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Carlo GESUALDO (1566-1613)
Madrigals

Libro 6: Se la mia morte brami [3:49]; Belta╠, poi che t'assenti [3:45]; Mille volte il di moro [3:54]; Io parto, e piu╠ non dissi [3:36]
Libro 1: O dolce mio martire [2:13]
Libro 3: Non t’amo, o voce ingrata [2:34]; Meraviglia d'Amore [3:13]
Libro 4: Luci serene e chiare [3:25]; Il sol, qual or piu╠ splende [3:11]
Libro 5: Dolcissima mia vita [3:15]; Merce╠, grido piangendo [4:14]; Se vi duol il mio duolo [3:29]; Asciugate i begli occhi [4:19]
Libro 6: Mille volte il di moro [3:54]; Se la mia morte brami [3:49]; Belta╠, poi che t'assenti [3:54] Io parto, e piu╠ non dissi [3:36].
Musica Ficta/Bo Holten
rec. live, Festival MousikÚ, Bari, Italy, 2013
DANACORD DACOCD760 [60:36]

As a listener, my preference is for twentieth century music: I can happily deal with anything that is presented to me from Adams to Xenakis and from Alwyn to Zemlinsky. I do enjoy the music of other periods and certainly glory in the great flowering of music in the Tudor period in England and the church music of Monteverdi in Italy. Madrigals are a form that I rarely sit down and listen to - unless they are Victorian part-songs, which I adore. Gesualdo is a name that is totally off my radar. All I knew before reviewing this CD is that he was a murderer and is deemed by some to be an extreme musical experimenter.

Don Carlo Gesualdo, Prince of Venosa was born in Naples in c.1566 and died in the same city in 1613. He has been well described as a ‘modern madrigalist’ who explored harmonic effects that pushed beyond what was generally regarded as acceptable to the musical establishment at that time. His madrigals are collected in six volumes which were published during the composer’s lifetime. He was also a lutenist, guitarist and harpsichordist.

Gesualdo’s teacher — or was it colleague? — was believed to be Pomponia Nenna who also explored and expanded tonality but to a lesser extent than his pupil. Unfortunately, Carlo G is nowadays usually recalled as the composer who had his unfaithful wife and her lover murdered. Around 1594 he moved to Ferrara (birthplace of Frescobaldi) which was then an important artistic centre. Gesualdo remarried - to Leonora d’Este.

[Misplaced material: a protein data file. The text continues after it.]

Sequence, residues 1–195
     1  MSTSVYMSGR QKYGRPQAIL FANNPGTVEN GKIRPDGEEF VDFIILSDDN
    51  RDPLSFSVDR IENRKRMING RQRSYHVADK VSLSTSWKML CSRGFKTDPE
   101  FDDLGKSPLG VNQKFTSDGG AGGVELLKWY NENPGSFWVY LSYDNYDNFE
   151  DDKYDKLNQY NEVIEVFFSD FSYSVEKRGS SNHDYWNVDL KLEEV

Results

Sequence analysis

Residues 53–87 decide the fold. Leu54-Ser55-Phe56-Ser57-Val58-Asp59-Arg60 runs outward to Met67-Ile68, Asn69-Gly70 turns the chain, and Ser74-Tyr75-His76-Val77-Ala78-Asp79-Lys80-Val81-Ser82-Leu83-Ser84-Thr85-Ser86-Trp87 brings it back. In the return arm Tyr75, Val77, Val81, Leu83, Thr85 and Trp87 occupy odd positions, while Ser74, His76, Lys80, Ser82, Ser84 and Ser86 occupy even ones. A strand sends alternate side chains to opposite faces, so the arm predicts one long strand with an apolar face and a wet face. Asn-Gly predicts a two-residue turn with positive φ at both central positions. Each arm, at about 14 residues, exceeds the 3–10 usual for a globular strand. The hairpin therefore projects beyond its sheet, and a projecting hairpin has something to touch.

The first four volumes of madrigals appeared between 1594 and 1596. The following year Gesualdo returned to Naples where he resided until his death. The final two volumes of the set appeared in 1611 and represent his most radical achievement. It is a myth to suppose that everything he wrote was at the harmonic cutting-edge. Much of his earlier work is in the ‘classic’ style of the Italian madrigalists. It was with the last volumes that he begins to push boundaries into a sound-world that four hundred years later sounds ‘modern’ and even ‘avant garde’. Influentially, it has been suggested that some of Gesualdo’s extreme chromaticism may have rubbed off onto some of the early 17th English madrigalists.

It would be easy to accuse Carlo G. of using chromaticism and dissonance simply for effect. However, scholars seem to be agreed that the reason for his technical innovations and experiments was to enhance the musical and poetic interpretation of the text.

The music on this disc is drawn from all six books, however the emphasis is on the more radical final two volumes. Listeners should note that the first four madrigals are repeated at the end of the recital in a slightly different order, but having the same timings.

The musical director Bo Holten is clearly a fan of the composer: he has composed two operas based on Gesualdo’s life and times. His own work acts as a bridge between ‘old and new’ music. Musica Ficta is a professional vocal ensemble that specialises, but is not limited to, early music. Their enthusiasm for Carlo Gesualdo’s music is impressive.

This is a live recording made in an ancient 12th century chapel so the listener has to be tolerant to the odd ‘sounds off’. Yet I believe that this is not a problem. It brings the music to life, it provides a context that would have delighted the composer and gives a spontaneity that is denied to a studio-produced performance.

I will never be a Gesualdo groupie – it is just not my period or style, however it is sometimes revelatory to push one’s listening boundaries beyond the comfort zone. I enjoyed this music immensely although some of it is genuinely ‘painful’ on the emotions. There is much that is indescribably beautiful in these madrigals as well as moments that are difficult even for a generation versed in the music of Stockhausen and Ligetti (try the Nonsense Madrigals). This disc stands as a fine introduction to Gesualdo. I certainly learnt a lot listening to this music and in preparing this review.

John France
 



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